Exploring the Drivers of, and Potential Interventions to Reduce, Antimicrobial Resistance in the European Food System Context
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Antimicrobial resistance (AMR) is a growing One Health problem that has become one of the leading causes of death worldwide. AMR emerges from a complex system characterized by multiple interacting factors across the human-animal-environment spectrum, all of which have the potential to be impacted by the effects of climate change. This thesis aimed to explore the drivers of AMR and assess potential interventions to reduce AMR in the Swedish food system context under potential climate change conditions. This thesis had four main objectives, to: 1) identify the quantitative and qualitative data needed to create and parameterize a simulation model of AMR emergence and transmission within the Swedish food system; 2) create and use a simulation model to test the potential ability of selected interventions to reduce AMR in the food system; 3) assess the sustainability of these interventions under climate change;, and 4) outline a systematic approach for creating mixed methods models for complex public health issues. The structure of the simulation model was based on an expert-derived causal loop diagram (CLD), created by Swedish and European AMR experts during a previously conducted participatory modelling workshop, that contained 91 nodes and 331 relationships deemed important to the development and spread of AMR within the Swedish food system. To determine if there was adequate information to create and parameterize the simulation model of AMR, a scoping review was conducted. This review identified 140 existing models and data from 414 sources to inform 64 of the major nodes within the CLD. The identified models addressed the main parts of the system (e.g., agriculture and farm transmission, antimicrobial use (AMU) and AMR, supply and demand for food); however, there was limited connection between the different areas of the food system. Nodes on the outer edges of the CLD did not have data, nor were they included within the scope of the models identified in the scoping review. Other data gaps included the environmental sector and wildlife. To further refine and parameterize the simulation model, semi-quantitative statements referring to the state of the nodes and relationships in the CLD were extracted from the transcripts from the prior participatory workshop. Transcript analysis identified 83 nodes, 48 of which were included in the CLD, and 35 were new nodes that emerged during the analysis or were existing nodes that were merged or divided. Based on the data requirements of the models identified via the scoping review, and the data currently available, it was not possible to create a fully quantitative model without including many assumptions. Therefore, the CLD was used as the base structure of a fuzzy cognitive map (FCM) of the Swedish food system, which was refined and parameterized by the data from the scoping review and transcript analysis. The final FCM contained 90 nodes, and 491 relationships. The use of FCM allowed for the evaluation of eight interventions under predicted climate change conditions, however, none of them were able to significantly reduce AMR in the system. Finally, the entire processes was reflected upon, including steps taken, challenges and mitigation strategies, and recommendations for future research in systems approaches for modelling complex systems and public health problems. In conclusion, this thesis identified that it was not feasible to create a purely quantitative model of AMR within the Swedish food system due to data limitations. However, by using data from the literature and experts’ tacit knowledge, an FCM of the system provided an innovative way to analyze the complex system, provided invaluable insight into the behaviour of the system, and aided in scenario analysis from a broader systems lens.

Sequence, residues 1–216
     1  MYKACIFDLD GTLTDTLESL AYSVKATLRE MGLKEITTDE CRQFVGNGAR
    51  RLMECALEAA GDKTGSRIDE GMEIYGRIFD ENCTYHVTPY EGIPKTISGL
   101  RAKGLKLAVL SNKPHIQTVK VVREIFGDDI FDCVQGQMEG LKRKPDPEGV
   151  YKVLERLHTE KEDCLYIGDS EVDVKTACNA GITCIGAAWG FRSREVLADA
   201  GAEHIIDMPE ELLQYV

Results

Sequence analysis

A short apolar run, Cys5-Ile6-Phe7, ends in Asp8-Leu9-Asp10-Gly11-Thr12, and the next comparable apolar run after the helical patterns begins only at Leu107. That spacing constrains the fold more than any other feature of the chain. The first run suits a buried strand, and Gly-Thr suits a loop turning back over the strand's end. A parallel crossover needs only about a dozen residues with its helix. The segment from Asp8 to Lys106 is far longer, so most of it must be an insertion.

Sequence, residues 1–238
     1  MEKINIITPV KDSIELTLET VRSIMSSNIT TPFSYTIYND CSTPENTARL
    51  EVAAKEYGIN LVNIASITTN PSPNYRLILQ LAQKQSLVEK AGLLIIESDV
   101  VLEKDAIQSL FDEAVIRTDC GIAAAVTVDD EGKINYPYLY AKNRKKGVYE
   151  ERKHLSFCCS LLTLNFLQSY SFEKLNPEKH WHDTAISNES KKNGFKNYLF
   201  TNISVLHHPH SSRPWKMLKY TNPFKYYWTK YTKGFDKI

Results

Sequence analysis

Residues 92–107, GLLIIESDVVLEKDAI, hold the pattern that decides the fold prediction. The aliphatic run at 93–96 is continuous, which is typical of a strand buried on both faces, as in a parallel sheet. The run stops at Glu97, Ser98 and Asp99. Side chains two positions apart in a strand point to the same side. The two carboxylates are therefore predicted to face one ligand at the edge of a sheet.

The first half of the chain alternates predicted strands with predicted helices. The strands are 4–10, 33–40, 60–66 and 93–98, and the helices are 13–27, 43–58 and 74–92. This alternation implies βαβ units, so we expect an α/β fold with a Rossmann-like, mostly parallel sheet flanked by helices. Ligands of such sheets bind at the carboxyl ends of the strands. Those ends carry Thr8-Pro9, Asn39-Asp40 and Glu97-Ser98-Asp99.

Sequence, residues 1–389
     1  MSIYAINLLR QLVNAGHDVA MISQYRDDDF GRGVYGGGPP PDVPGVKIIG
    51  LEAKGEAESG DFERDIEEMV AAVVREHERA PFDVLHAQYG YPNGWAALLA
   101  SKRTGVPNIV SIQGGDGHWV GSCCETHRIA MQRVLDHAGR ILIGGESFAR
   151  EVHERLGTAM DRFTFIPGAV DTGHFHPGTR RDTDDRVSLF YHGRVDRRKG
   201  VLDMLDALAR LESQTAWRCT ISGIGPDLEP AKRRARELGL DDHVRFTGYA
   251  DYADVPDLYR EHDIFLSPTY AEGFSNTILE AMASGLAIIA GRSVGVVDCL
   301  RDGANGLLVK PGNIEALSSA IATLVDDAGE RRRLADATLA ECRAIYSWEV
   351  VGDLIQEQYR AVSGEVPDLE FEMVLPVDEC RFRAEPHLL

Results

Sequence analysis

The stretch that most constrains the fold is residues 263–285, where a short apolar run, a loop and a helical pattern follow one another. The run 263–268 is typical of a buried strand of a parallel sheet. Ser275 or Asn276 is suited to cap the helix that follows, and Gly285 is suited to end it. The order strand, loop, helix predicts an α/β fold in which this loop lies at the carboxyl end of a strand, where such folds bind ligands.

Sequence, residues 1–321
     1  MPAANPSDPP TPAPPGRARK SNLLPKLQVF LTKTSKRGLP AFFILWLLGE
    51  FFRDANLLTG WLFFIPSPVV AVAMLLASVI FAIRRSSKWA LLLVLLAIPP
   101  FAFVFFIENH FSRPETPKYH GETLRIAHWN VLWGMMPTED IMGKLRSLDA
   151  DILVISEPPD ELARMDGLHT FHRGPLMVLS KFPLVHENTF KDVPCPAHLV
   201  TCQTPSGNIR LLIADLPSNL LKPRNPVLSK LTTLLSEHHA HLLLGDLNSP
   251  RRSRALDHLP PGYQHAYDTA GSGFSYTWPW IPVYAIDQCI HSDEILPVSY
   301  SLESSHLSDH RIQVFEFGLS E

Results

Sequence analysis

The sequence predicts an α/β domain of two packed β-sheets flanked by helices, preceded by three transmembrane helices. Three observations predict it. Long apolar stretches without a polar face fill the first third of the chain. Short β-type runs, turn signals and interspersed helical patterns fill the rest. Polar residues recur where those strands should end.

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Melanie Cousins (2022). Exploring the Drivers of, and Potential Interventions to Reduce, Antimicrobial Resistance in the European Food System Context. UWSpace. http://hdl.handle.net/10012/18478